The impact of green tea and coffee consumption on the reduced risk of stroke incidence in Japanese population: the Japan public health center-based study cohort.
Stroke. 2013 May;44(5):1369-74.
http://stroke.ahajournals.org/content/early/2013/03/14/STROKEAHA.111.677500.full.pdf
Kokubo Y, et al.

CONCLUSIONS:  Higher green tea and coffee consumption were inversely associated with risk of CVD and stroke in general population.

Comment in:

  • Response to letter regarding article, “The impact of green tea and coffee consumption on the reduced risk of stroke incidence in Japanese population: the Japan public health center-based study cohort”. [Stroke. 2013]
  • Letter by Chen regarding article, “The impact of green tea and coffee consumption on the reduced risk of stroke incidence in Japanese population: the Japan public health center-based study cohort”. [Stroke. 2013]

journalistic version:
A Daily Habit Of Green Tea Or Coffee Cuts Stroke Risk
March 15, 2013
http://www.npr.org/blogs/thesalt/2013/03/15/174334493/a-daily-habit-of-green-tea-or-coffee-cuts-stroke-risk

Kokubo says that green tea contains compounds known as catechins, which help regulate blood pressure and help improve blood flow.
The compounds also seem to promote an anti-inflammatory effect.
Kokubo says coffee, which contains caffeine and compounds known as quinides, likely influences our health through different mechanisms.

Treatment of Blood Cholesterol

2013 ACC/AHA Guideline on the Treatment of Blood Cholesterol to Reduce Atherosclerotic Cardiovascular Risk in Adults
Circulation. November 12, 2013
http://circ.ahajournals.org/content/early/2013/11/11/01.cir.0000437738.63853.7a.full.pdf

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New Cholesterol Guidelines Could Put More Americans On Statins 
November 13, 2013
http://www.npr.org/templates/story/story.php?storyId=245057684

Dr. Sidney Smith, at the University of North Carolina, was one of the guideline writers.
The American College of Cardiology and the American Heart Association have been sifting the evidence for four years to come up with the most up-to-date advice.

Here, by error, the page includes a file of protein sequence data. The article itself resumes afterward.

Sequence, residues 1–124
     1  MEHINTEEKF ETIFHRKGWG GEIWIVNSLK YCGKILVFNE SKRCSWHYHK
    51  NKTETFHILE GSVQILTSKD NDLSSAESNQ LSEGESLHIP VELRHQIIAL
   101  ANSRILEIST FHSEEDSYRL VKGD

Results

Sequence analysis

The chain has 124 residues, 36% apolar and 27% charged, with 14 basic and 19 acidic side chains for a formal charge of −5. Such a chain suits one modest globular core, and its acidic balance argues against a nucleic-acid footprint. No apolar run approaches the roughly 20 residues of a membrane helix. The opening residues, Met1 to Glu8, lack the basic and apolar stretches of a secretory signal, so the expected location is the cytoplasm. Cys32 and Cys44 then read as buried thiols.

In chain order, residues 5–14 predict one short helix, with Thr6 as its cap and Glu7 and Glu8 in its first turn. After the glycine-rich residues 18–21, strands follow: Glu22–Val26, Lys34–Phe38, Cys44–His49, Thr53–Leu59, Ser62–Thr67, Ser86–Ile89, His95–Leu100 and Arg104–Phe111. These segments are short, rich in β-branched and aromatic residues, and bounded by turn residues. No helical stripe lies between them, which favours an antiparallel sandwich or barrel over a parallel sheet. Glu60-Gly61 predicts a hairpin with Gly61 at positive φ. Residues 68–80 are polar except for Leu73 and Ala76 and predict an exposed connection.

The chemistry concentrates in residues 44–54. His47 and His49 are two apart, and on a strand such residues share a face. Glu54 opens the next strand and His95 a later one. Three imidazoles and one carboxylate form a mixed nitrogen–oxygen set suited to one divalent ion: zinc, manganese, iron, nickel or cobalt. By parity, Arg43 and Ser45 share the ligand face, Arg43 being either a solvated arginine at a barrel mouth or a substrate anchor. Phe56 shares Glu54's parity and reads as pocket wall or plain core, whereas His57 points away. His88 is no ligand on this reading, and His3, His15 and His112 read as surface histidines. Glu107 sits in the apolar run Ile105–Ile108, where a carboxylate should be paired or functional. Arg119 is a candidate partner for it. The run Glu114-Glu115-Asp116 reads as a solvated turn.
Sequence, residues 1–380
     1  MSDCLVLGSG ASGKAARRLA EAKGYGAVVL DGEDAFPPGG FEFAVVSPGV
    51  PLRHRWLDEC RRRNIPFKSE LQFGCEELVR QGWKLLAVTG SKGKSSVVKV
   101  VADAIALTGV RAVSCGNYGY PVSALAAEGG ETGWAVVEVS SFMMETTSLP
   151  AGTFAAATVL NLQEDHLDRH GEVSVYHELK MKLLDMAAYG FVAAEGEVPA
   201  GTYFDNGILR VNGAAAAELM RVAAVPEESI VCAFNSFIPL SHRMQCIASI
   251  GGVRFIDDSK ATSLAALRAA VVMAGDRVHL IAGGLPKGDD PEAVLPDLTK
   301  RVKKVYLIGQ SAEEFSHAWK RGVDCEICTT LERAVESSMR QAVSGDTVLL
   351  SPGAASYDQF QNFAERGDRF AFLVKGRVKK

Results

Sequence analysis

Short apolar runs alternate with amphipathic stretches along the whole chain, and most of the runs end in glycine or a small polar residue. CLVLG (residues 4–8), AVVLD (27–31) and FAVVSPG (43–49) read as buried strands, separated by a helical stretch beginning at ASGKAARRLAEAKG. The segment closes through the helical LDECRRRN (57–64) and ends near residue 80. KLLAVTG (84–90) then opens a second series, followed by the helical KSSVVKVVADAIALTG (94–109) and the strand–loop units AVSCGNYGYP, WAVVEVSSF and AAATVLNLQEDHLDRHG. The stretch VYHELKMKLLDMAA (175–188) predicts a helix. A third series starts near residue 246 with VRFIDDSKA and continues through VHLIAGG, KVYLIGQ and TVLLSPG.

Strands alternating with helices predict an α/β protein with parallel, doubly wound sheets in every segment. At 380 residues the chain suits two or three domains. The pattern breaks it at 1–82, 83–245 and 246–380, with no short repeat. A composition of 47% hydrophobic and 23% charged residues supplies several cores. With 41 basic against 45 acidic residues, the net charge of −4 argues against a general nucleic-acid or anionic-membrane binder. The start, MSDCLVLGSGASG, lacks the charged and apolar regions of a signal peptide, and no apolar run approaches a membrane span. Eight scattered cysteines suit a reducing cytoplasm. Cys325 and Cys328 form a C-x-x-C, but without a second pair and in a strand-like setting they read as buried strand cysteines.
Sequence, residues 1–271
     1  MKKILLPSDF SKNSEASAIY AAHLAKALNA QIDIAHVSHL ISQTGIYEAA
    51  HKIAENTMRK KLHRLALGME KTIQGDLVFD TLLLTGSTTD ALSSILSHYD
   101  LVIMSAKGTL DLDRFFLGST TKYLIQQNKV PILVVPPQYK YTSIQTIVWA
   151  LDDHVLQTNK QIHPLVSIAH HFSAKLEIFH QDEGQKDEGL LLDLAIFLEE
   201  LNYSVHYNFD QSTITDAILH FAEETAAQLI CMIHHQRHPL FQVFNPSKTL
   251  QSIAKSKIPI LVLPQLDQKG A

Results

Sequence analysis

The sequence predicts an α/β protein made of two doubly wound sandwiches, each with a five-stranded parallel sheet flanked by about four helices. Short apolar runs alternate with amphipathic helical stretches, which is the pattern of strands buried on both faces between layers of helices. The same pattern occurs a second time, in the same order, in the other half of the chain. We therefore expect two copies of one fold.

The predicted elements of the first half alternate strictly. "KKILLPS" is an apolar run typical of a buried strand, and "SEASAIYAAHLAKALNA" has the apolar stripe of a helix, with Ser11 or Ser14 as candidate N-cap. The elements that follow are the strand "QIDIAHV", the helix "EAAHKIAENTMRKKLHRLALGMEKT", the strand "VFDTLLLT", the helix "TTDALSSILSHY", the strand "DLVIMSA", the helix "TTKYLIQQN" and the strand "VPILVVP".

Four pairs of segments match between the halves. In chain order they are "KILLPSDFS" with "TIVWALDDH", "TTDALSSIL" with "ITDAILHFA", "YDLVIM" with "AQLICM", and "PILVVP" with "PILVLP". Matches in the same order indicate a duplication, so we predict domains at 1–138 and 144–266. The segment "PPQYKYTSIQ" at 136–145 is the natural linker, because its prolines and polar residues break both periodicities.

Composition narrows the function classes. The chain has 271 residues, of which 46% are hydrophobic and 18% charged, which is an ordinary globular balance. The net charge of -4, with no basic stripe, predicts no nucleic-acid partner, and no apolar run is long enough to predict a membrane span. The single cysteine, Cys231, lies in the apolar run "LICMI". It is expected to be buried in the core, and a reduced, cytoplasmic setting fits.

a high dose of statins, drugs such as Lipitor, Zocor or Crestor, or their generic equivalents.
They cost from $4 to $150 a month.

If you’re an adult under 75 and don’t have any of these risks, your doctor should check your odds of suffering a heart attack or stroke in the next 10 years, using a new risk calculator. If your 10-year risk is seven and a half percent or higher, the guidelines say you should be on a moderate dose of statin.

Dr. Sidney Smith says the new guidelines should actually make life simpler for doctors and patients because most don’t have to worry about starting a statin if their cholesterol reaches a certain point or about getting it down, through drugs, to a specific number target. But others think the new guidelines are more complicated.

DR. STEVEN ATLAS: Much more complex.
That’s Dr. Steven Atlas, a primary care doctor in Boston, who actually thinks new cholesterol guidelines are overdue.

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US Doctors Urge Wider Use Of Cholesterol Drugs
by The Associated Press. November 12, 2013
http://www.npr.org/templates/story/story.php?storyId=244822755
Roughly half the cholesterol panel members have financial ties to makers of heart drugs, but panel leaders said no one with industry connections could vote on the recommendations.

“It is practically impossible to find a large group of outside experts in the field who have no relationships to industry,” said Dr. George Mensah of the heart institute.

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Shift In Cholesterol Advice Could Double Statin Use
November 12, 2013
http://www.npr.org/blogs/health/2013/11/12/244815077/a-shift-in-cholesterol-advice-could-double-statin-use

related:
Association of Dietary, Circulating, and Supplement Fatty Acids With Coronary Risk: A Systematic Review and Meta-analysis
http://annals.org/article.aspx?articleid=1846638

http://www.npr.org/sections/health-shots/2016/01/03/461777229/what-to-think-about-conflicting-medical-guidelines

Preparing for Your Test
https://www.geisingermedicallabs.com/patients/prepare-for-test.shtml